For over 25 years, Community Supported Agriculture (CSA) has become a popular way for consumers to buy local, seasonal food directly from a farmer.
Here are the basics: a farmer offers a certain number of "shares" to the public. Typically the share consists of a box of vegetables, but other farm products may be included. Interested consumers purchase a share (aka a "membership" or a "subscription") and in return receive a box (bag, basket, peck) of seasonal produce each week throughout the farming season.
This arrangement creates several rewards for both the farmer and the consumer.
Advantages for Farmers:
- Able to spend time marketing the food early in the year, before their long days in the field begin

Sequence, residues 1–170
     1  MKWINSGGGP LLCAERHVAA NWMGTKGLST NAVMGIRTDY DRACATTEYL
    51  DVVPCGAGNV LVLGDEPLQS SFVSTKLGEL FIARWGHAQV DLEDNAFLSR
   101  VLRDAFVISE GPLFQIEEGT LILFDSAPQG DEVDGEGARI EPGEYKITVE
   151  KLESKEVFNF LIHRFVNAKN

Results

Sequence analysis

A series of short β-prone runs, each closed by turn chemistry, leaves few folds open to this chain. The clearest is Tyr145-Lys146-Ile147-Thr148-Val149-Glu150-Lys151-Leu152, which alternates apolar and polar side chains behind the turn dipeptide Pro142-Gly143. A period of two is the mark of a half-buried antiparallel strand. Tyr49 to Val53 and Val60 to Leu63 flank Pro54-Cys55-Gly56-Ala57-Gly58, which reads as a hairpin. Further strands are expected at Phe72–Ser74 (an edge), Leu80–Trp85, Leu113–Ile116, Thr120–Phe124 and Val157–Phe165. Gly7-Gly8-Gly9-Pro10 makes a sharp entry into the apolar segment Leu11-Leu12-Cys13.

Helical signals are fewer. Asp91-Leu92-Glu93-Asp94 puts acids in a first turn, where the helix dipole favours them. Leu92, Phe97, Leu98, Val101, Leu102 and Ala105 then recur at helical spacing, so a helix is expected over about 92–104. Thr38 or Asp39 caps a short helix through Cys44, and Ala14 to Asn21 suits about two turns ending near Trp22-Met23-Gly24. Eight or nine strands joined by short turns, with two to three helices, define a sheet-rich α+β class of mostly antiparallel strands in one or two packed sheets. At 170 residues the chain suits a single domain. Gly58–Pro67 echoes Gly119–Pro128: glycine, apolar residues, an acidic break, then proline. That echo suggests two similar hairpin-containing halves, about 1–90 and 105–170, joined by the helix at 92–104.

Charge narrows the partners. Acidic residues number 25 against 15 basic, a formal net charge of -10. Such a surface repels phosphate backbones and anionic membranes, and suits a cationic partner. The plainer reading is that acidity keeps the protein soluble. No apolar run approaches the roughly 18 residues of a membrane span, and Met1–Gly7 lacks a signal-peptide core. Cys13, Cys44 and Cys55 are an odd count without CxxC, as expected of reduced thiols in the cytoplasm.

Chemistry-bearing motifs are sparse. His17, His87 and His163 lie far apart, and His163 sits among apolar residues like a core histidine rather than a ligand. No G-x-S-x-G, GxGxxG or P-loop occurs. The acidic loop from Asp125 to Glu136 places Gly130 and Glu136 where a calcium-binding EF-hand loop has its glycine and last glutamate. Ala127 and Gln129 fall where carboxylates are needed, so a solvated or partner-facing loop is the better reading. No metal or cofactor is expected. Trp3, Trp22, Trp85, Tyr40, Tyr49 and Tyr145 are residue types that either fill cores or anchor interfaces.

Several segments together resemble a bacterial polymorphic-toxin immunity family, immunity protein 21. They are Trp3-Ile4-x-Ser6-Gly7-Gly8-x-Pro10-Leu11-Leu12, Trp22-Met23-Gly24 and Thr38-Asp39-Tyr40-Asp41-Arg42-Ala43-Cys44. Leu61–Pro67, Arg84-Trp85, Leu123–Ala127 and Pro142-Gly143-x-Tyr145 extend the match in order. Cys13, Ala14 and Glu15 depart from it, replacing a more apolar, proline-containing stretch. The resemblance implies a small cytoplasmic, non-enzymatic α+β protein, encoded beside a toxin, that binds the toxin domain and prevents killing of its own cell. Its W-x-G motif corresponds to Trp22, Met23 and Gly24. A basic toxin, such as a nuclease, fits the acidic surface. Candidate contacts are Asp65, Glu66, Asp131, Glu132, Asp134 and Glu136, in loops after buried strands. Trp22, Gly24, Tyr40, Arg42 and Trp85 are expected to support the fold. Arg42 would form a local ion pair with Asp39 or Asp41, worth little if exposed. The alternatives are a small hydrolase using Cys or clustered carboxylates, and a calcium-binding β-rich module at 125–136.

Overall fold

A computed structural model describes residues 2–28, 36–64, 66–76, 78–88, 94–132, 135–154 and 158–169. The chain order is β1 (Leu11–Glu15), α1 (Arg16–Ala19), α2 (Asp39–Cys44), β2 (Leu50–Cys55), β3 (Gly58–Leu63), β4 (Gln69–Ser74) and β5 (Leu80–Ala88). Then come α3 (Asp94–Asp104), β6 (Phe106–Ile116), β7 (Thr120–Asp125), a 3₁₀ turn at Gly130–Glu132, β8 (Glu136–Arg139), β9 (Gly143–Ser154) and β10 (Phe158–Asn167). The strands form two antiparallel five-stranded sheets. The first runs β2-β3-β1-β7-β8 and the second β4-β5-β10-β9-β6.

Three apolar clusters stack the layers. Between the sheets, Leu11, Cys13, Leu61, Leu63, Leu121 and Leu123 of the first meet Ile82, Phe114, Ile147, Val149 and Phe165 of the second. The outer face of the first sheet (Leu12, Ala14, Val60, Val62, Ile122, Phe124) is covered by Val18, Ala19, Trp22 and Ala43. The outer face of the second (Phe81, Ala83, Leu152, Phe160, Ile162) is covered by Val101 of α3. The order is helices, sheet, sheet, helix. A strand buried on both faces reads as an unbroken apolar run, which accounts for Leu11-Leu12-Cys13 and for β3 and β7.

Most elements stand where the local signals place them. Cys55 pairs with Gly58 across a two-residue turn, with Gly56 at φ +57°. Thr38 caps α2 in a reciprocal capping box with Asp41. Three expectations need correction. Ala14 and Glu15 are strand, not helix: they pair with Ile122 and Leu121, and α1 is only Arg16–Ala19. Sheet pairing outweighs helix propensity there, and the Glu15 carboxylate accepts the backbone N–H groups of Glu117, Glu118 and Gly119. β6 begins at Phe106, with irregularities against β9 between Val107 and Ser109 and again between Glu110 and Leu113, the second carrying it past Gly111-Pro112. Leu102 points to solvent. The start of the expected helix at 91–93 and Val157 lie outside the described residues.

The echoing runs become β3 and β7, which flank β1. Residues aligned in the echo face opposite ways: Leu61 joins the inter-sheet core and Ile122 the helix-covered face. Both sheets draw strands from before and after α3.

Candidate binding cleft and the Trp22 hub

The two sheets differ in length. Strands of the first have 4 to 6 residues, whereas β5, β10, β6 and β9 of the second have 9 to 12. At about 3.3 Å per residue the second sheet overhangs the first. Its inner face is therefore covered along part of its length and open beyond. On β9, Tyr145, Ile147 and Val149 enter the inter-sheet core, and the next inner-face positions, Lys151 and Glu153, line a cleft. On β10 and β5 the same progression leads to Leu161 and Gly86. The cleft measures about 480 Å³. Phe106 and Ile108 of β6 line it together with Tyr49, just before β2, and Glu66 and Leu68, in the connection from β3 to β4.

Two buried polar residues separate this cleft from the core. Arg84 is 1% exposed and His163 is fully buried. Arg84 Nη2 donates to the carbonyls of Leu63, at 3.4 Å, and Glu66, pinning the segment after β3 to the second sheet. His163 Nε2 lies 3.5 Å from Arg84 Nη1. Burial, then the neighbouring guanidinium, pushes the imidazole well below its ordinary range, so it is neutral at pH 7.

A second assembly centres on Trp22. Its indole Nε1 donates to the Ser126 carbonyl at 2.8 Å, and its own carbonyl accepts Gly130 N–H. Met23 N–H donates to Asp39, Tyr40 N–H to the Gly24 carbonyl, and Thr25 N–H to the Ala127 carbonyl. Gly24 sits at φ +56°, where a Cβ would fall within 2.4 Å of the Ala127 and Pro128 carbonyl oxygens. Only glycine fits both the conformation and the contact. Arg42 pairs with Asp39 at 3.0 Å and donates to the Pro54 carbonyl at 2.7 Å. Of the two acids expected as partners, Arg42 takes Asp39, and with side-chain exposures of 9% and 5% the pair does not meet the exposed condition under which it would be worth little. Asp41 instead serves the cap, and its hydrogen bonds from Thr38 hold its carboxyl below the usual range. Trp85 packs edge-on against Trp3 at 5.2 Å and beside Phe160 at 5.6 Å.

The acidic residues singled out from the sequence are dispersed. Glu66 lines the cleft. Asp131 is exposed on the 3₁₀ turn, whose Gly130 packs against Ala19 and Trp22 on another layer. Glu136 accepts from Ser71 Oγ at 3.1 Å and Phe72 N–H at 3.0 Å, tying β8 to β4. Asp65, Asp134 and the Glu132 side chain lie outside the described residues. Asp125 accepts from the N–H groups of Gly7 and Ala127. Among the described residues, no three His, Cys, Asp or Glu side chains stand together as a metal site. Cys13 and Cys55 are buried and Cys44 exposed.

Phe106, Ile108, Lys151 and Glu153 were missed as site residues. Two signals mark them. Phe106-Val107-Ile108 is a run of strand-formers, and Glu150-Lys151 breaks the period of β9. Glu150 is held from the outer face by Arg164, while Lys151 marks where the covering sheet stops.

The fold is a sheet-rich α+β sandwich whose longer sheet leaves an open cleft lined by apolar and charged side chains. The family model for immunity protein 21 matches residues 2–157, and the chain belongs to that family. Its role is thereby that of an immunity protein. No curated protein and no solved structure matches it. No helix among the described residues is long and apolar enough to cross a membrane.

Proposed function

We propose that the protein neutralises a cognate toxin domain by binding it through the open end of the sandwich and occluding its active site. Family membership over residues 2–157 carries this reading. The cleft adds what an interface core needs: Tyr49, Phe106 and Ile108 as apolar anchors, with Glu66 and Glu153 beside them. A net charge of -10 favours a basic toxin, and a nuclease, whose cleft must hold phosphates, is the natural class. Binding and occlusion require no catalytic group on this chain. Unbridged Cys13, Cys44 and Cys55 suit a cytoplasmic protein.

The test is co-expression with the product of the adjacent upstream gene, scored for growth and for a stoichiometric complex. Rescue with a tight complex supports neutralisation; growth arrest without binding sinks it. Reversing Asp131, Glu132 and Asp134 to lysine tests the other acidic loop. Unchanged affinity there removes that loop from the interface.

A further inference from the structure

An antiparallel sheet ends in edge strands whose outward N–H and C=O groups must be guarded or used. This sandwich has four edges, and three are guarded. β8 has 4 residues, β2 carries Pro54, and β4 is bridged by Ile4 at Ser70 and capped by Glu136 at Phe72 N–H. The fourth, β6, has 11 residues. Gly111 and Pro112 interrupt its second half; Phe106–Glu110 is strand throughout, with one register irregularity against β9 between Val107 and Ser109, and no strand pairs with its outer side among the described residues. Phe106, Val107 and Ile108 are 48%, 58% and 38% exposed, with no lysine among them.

- Receive payment early in the season, helping farmers with quicker cash flow
- Offers opportunities to develop relationships with the people who eat the food the farmers grow
Advantages for Consumers:
- Eat unequivocally-fresh food, with robust flavor and many vitamin benefits
- Exposure to new vegetables and new cooking methods
- Often able to visit the farm at least once a season
- Find that kids typically favor food from a local farm, even veggies they've never been known to eat
- Offers opportunities to develop a relationship with the farmer who grows their food and learn more about how the food is grown
It's a simple concept, but has a profound effect on the community. Tens of thousands of families have joined CSAs, and in some areas of the country the demand outweighs the number of CSA farms to fill it.